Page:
The Johns Hopkins Kimmel Cancer Center and more than 70 National Cancer Center-designated cancer centers across the country endorsed the goal of eliminating cancers caused by the human papillomavirus (HPV) with the use of gender-neutral HPV vaccination and evidence-based cancer screening in an open letter to patients and medical providers.
The open letter, which was released on June 7, is supported by the American Cancer Society, the American Association for Cancer Research, the American Society for Clinical Oncology, the Prevent Cancer Foundation, the American Society for Preventive Oncology and the Association of American Cancer Institutes. The change in practice could prevent 12,000 cervical cancers and nearly 40,000 other HPV-related cancers among men and women in the United States, according to the open letter.
“With HPV vaccination and continued cervical cancer screening, the goal of eliminating cervical cancer is truly achievable,” said Elizabeth Platz, Sc.D., M.P.H., deputy chair of the Department of Epidemiology at the Johns Hopkins Bloomberg School of Public Health. “For Maryland, where The Sidney Kimmel Comprehensive Cancer Center is located, we could prevent 60 to 70 women dying from cervical cancer each year. The SKCCC partners with our state to implement its Comprehensive Cancer Control Plan, including strategies to increase the recommendation and uptake of the HPV vaccine.”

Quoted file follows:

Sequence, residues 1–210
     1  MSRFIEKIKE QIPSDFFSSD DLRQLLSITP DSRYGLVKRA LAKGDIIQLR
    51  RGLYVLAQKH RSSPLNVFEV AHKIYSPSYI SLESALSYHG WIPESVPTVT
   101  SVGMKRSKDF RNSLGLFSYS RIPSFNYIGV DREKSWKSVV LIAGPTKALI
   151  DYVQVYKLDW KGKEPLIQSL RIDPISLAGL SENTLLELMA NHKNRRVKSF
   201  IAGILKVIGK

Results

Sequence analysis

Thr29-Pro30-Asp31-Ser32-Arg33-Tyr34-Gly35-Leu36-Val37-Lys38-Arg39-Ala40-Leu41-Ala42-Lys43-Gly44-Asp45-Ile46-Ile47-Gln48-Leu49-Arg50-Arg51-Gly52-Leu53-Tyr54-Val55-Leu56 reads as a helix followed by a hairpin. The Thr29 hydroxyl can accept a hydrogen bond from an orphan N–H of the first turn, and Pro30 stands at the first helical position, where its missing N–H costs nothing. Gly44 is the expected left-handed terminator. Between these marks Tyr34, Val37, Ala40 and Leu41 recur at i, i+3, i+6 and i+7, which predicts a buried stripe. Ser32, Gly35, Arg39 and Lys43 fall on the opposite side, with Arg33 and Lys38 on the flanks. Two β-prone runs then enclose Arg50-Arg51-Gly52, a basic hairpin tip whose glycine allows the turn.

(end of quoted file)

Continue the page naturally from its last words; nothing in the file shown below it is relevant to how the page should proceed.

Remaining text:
According to the Centers for Disease Control and Prevention, 49.5 percent of girls and 37.5 percent of boys (ages 13-17) completed the vaccine series in 2016 in the U.S, well below the national goal of 80 percent coverage recommended by the U.S. Department of Health and Human Services’ Health People 2020 objective.
The cancer centers and cancer organizations issued a Call to Action to refocus on the Healthy People 2020 goals and issued additional recommendations for patients and providers to be aware of the benefits of the HPV vaccine and screening and treatment to eliminate cervical and other HPV-related cancers.
The endorsed letter can be found on the National HPV Vaccination Roundtable website.